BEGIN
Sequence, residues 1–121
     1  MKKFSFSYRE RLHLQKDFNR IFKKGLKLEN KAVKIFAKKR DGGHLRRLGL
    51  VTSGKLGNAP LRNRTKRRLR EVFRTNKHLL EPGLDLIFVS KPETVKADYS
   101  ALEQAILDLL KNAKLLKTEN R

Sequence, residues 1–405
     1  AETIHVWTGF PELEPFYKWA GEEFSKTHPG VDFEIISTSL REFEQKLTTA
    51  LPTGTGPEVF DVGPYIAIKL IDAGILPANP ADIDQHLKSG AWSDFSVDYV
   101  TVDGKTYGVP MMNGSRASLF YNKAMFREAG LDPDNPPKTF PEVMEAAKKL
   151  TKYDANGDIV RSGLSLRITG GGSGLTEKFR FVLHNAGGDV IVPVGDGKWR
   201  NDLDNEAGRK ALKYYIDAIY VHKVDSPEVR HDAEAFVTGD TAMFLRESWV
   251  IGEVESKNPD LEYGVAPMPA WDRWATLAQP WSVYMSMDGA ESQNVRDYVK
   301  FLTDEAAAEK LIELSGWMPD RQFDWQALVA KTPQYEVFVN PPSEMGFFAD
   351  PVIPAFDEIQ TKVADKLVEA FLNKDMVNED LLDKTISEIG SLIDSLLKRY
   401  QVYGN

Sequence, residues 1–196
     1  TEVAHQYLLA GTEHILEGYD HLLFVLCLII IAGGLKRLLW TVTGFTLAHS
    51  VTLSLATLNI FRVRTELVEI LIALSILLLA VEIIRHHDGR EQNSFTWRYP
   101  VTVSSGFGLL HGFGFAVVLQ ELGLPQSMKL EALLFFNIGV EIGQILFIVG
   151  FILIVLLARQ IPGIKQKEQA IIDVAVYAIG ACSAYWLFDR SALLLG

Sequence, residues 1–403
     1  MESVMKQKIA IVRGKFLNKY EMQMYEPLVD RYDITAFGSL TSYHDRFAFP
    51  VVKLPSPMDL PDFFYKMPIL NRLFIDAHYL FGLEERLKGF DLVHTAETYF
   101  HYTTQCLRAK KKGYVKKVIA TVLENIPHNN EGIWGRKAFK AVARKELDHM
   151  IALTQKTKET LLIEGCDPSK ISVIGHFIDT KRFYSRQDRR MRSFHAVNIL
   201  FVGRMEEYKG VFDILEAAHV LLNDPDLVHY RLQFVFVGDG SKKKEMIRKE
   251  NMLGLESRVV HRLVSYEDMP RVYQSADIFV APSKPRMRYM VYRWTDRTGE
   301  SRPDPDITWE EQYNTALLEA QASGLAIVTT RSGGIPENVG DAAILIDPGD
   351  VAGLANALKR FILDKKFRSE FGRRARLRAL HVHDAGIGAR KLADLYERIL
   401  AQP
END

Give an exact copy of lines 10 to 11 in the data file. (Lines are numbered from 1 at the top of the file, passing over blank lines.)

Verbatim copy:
   201  NDLDNEAGRK ALKYYIDAIY VHKVDSPEVR HDAEAFVTGD TAMFLRESWV
   251  IGEVESKNPD LEYGVAPMPA WDRWATLAQP WSVYMSMDGA ESQNVRDYVK